The text of a proposed Department of Labor (DOL) conflict of interest regulation has emerged from the Office of Management and Budget (OMB).
Financial services industry advocates and analysts have been closely watching the OMB for this development. At this early juncture, they are sharing mostly positive commentary about the DOL’s new proposed rule, which is closely related to the Regulation Best Interest (Reg BI) rulemaking package now being enforced by the U.S. Securities and Exchange Commission (SEC).
Simply put, the proposed rule creates a new exemption for investment advice fiduciaries as defined and policed under the Employee Retirement Income Security Act (ERISA). The proposed exemption offers a new prohibited transaction class exemption for investment advice fiduciaries and is based on an existing temporary policy adopted after the 5th Circuit Court of Appeals vacated the DOL’s previous 2016 fiduciary rule package.
If finalized as proposed, the exemption would allow investment advice fiduciaries to give more choices for retirement clients using so-called “impartial conduct standards.” According to the DOL leadership, these impartial conduct standards rise to the level of “a best interest standard.” This is to say that they require reasonable compensation and that financial professionals make no materially misleading statements.
As part of this proposal, the department is also taking the ministerial action of amending the Code of Federal Regulations to implement the 5th Circuit’s order. As the DOL explains, the court’s order had the effect of reinstating the department’s 1975 regulation defining who is an investment advice fiduciary under ERISA and the Code, commonly known as the “five-part test.” The court’s order also had the effect of reinstating the department’s Interpretive Bulletin 96-1 regarding participant investment education.
“The proposed exemption would be broadly available to investment advice fiduciaries who adhere to a best interest standard and plainly inform retirement investors that they are acting as fiduciaries when making investment recommendations,” explains Acting Assistant Secretary of Labor for the Employee Benefits Security Administration (EBSA) Jeanne Klinefelter Wilson. “The proposed exemption would authorize a wide range of investment advice models and relationships, consistent with the fundamental goal of ensuring that workers and retirees receive investment advice that is in their best interest.”
Based on his preliminary review, Ropes & Gray ERISA partner Josh Lichtenstein says the new proposed rule is dramatically narrower in scope than the DOL’s 2016 rule.
“The rule confirms that the effect of the 5th Circuit’s decision was to revert to the prior status quo regarding fiduciary status, investment education and prohibited transactions and then leaves that prior rule undistributed,” Lichtenstein says. “While the rule does not expand the range of persons who may be fiduciaries to retirement plans or individual retirement accounts [IRAs], it does provide expansive relief for those fiduciaries who seek to provide investment advice for a fee or engage in certain principal transactions with plans.”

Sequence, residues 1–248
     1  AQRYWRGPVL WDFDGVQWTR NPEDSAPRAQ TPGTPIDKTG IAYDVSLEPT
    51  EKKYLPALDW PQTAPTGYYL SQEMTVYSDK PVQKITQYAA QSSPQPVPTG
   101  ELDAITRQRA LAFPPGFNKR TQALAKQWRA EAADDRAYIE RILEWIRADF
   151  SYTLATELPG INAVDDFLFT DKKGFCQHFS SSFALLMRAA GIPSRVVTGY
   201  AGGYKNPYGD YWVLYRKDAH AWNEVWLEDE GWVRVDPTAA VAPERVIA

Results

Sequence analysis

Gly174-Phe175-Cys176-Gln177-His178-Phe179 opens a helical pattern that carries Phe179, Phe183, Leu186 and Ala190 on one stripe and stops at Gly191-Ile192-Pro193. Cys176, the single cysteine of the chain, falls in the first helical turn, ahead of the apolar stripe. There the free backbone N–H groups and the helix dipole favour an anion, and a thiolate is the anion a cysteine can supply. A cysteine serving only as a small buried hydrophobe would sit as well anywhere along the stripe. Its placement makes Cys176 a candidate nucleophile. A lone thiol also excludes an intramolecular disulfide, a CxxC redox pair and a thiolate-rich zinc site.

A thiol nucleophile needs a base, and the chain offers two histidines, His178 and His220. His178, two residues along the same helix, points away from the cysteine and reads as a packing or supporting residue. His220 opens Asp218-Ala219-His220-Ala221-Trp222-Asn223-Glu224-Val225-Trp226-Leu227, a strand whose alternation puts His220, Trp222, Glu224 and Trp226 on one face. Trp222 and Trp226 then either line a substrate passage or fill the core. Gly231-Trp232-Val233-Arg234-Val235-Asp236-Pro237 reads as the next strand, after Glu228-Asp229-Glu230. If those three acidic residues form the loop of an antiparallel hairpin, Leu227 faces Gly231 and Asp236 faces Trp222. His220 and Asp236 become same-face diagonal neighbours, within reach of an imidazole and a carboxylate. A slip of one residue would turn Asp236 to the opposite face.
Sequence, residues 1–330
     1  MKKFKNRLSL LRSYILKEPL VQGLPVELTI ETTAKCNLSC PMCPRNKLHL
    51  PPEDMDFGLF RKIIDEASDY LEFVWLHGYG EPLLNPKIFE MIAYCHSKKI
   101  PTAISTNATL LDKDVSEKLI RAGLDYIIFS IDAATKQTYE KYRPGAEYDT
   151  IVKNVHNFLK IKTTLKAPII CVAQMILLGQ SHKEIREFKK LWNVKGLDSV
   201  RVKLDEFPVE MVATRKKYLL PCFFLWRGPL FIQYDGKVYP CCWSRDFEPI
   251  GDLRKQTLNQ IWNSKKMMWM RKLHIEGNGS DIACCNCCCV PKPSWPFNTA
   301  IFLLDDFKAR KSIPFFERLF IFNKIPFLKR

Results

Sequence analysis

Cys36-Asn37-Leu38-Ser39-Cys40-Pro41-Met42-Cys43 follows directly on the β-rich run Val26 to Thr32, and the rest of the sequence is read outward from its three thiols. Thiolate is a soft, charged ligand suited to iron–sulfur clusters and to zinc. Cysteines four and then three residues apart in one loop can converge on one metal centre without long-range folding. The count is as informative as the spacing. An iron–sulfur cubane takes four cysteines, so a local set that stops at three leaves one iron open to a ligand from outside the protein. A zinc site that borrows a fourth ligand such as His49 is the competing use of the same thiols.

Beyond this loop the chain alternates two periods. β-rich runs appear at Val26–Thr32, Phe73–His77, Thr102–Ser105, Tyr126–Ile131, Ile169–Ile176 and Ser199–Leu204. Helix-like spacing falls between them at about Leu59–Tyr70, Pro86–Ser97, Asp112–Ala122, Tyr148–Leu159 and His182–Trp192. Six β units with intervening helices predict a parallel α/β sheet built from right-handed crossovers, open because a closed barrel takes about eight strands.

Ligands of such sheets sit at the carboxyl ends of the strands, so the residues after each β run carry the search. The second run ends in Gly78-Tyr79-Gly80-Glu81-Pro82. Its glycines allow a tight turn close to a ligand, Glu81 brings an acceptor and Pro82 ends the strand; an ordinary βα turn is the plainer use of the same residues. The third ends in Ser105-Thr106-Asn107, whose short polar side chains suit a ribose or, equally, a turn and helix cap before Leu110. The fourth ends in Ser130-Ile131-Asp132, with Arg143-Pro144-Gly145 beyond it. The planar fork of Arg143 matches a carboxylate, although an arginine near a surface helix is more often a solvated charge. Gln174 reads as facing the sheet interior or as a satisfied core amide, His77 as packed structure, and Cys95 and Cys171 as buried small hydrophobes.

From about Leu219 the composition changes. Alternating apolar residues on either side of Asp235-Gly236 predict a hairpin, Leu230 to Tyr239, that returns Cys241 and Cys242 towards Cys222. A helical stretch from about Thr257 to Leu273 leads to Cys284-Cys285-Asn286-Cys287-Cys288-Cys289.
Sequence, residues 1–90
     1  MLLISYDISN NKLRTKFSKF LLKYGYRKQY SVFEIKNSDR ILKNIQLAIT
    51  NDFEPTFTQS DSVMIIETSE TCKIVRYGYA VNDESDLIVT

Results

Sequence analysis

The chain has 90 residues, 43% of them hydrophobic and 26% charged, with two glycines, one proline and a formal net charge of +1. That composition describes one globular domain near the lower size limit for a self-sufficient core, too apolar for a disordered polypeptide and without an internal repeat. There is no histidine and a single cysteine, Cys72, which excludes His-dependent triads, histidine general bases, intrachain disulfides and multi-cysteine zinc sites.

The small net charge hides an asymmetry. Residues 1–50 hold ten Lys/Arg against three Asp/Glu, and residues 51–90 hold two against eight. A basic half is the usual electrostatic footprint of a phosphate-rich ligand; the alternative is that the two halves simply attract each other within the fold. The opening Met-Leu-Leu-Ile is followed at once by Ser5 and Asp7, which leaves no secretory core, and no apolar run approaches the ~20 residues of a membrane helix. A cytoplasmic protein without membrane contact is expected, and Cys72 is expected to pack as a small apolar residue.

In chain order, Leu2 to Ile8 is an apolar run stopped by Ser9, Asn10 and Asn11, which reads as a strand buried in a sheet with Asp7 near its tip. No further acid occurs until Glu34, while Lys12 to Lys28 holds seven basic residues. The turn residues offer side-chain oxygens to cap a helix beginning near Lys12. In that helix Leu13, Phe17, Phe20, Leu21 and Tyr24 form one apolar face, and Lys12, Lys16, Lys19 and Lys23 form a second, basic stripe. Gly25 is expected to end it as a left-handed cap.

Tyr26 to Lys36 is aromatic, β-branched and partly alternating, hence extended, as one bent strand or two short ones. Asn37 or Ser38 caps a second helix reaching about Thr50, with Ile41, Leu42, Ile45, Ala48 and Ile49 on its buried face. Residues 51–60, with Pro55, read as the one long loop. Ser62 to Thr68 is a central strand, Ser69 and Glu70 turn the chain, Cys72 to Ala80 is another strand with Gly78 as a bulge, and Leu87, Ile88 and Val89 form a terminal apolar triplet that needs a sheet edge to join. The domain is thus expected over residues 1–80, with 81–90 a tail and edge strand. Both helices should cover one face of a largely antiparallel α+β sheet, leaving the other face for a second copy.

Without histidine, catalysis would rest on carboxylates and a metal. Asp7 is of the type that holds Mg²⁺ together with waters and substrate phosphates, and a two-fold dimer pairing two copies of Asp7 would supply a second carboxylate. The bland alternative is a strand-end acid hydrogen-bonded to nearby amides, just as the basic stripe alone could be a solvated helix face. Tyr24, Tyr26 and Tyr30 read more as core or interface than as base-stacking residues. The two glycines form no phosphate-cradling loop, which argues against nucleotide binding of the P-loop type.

American Council of Life Insurers (ACLI) President and CEO Susan Neely says she is pleased to see that the proposal aligns with the SEC’s Regulation Best Interest and the Suitability in Annuity Transactions Model Regulation adopted last year by the National Association of Insurance Commissioners (NAIC).
“Retirement savers will now enjoy enhanced consumer protections while maintaining access to choices in the retirement products they want and need, such as annuities—the only product available in the marketplace that guarantees lifetime income,” Neely says. “And the states are moving on their own ‘best interest’ proposals. Iowa and Arizona were first out of the gate, adopting the NAIC model. Even more are likely to act this year, helping spread increased safeguards for retirement savers seeking financial security in retirement.”
Financial Services Institute President and CEO Dale Brown says his organization is still thoroughly reviewing the rule proposal.
“However, we expect the department heeded the concerns outlined by the 5th Circuit Court of Appeals and consulted with the SEC to avoid conflicts with Regulation Best Interest,” he says. “These regulations must work in tandem to prevent conflicting requirements for financial advisers working to diligently comply with the rules and to avoid creating confusion among investors. This will also ensure Main Street Americans have access to the quality, affordable financial advice they need to achieve their financial goals.”
Brown says it is meaningful that the new fiduciary rule has been published on the same day that the SEC’s Reg BI becomes fully effective.
“The SEC’s Reg BI achieves increased transparency and investor protection while also preserving their choice of financial advice, products, and services,” Brown suggests. “We are hopeful that the DOL’s proposed rule strikes the same balance. We look forward to providing comments and working with the department to achieve a workable standard.”
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